“That sounds a little more like a N’awlins accent than Brooklyn.” Gio leaned back in his chair and touched his lips.
“Well.” Kurt shrugged. “I’ve only lived here since September. I’m not enrolled in the stage accents class yet. What can I get you?”
“When do you get off?”
Kurt’s cheeks went red. They’d met up a couple times for coffee since meeting Monday morning, once for lunch. Kurt couldn’t say that he didn’t like the guy, but it was confusing to like someone else when his heart was still so mixed up over Blaine. They were supposed to be kismet, fate; they were supposed to be forever.
But they weren’t. Obviously.
“Well, it depends,” Kurt said. “The kitchen closes at midnight, but people sometimes hang around until closing, so I have to wait on them.”
“You have to wait on customers here? Straaaange place of business...”
Kurt rolled his eyes. “Well, if you’re not gonna order anything, I should check on the hipsters in the corner.”
“Hipsters?” Gio touched the table, rocked his chair onto its back legs, and peered around Kurt. “Wow. Those are some skinny jeans.”
“They’re just kinda tacky.” Kurt grimaced. “It’s not that I’m inherently opposed to hipster fashion.” He raised one hand. “As someone who works at Vogue, I have to respect the innovation of any movement, and I’m always for any group that promotes boys wearing girls’ jeans. Not to mention that I actually love to wear skinny jeans, or any pants that are tight enough to leave loving imprint on my legs for hours afterward, but! Sometimes it just seems a little too fake and cliquey for me to bother with? You know? Like sometimes I make up fake band names to see if they’ll tell me how amazing their sound is.”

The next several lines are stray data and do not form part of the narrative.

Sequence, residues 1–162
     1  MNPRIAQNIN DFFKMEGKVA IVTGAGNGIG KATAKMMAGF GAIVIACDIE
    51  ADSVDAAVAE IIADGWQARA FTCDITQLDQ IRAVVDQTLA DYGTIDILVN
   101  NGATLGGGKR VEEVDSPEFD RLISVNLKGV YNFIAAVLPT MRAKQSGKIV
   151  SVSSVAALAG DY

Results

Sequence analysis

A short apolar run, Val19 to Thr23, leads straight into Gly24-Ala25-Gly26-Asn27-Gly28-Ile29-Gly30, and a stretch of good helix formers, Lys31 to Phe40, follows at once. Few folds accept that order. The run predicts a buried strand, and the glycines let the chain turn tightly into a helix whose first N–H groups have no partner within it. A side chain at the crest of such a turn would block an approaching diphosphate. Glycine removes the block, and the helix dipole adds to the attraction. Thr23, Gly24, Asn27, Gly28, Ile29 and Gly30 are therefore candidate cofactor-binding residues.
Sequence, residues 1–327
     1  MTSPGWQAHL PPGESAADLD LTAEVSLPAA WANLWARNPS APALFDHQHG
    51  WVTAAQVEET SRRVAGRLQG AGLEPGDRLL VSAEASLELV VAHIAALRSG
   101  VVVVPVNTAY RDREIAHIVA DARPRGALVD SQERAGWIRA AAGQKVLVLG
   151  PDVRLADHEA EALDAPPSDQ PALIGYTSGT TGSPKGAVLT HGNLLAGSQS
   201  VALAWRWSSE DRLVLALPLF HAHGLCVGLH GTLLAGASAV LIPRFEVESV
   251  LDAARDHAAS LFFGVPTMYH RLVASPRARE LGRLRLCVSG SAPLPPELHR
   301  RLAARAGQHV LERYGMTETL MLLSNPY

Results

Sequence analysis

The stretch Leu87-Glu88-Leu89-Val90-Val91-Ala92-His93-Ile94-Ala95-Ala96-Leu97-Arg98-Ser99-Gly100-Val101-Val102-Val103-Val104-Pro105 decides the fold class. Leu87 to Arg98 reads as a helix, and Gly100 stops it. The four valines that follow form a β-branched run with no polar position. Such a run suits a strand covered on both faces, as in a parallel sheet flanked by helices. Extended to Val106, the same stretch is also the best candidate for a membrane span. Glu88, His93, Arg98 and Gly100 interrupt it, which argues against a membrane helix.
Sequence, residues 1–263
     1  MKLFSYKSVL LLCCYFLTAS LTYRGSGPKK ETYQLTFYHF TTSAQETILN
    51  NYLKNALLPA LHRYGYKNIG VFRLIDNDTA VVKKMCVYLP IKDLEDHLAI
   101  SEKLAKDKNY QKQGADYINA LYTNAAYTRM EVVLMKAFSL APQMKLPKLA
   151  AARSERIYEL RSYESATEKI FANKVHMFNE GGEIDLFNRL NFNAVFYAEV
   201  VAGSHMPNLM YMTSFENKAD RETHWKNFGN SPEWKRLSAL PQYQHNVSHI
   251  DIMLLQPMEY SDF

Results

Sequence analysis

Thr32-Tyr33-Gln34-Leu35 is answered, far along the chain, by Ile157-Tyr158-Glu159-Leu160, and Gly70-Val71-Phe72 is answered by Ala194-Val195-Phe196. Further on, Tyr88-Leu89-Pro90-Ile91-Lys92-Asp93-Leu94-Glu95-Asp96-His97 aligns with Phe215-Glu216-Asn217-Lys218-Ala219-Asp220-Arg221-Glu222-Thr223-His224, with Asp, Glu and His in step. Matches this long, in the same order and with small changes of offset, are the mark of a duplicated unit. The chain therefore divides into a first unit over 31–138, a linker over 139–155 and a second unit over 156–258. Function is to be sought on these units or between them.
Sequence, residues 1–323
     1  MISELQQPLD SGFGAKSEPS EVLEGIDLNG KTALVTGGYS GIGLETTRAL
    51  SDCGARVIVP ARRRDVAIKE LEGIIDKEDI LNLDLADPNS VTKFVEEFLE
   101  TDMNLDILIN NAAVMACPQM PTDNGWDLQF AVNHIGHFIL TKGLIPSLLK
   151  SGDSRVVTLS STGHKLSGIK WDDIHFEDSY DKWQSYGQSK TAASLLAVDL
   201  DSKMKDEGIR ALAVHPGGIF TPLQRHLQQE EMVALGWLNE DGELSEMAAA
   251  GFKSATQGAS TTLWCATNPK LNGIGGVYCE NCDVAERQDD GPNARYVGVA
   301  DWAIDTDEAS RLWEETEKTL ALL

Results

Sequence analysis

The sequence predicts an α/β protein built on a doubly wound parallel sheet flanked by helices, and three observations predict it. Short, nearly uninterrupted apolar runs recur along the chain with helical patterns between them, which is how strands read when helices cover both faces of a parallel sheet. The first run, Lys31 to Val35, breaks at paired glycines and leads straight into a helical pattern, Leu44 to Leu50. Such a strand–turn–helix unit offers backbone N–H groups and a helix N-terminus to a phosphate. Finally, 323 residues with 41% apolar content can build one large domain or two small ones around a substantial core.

Gio leaned forward as a deep laugh rolled out of him.
Kurt fetched a menu and put it in front of Gio. “My ex was a legit hipster, y’know.”
“Oh? What’s a ‘legit’ hipster?” Gio stared up at him with that perfect row of white teeth flashing.
“Oh, I don’t know. I just feel like they do things just to be cool. He was not trying to be cool. I’m not sure he could if he tried.”
Gio laughed loudly.
“No, he just genuinely likes old stuff. The old as dirt bands that he loves? He really does love them. There was no pretension or pretending about that kind of thing. Though he has a tendency to blend into whatever he’s paired with. Not unlike tofu in many ways.”
Gio bit his lower lip and crossed his big arms.
Kurt looked down at his notepad and licked his lips. “Sorry. Babbling about my ex is probably the most attractive thing I could do, right?”
“No, it’s okay. It’s what’s on your mind.” Gio rested his chair back on the floor and looked up at Kurt seriously. “You were dating him for a while, weren’t you? It can take a long time to move on completely. My sister always said that it takes half the time you were dating to get over someone.”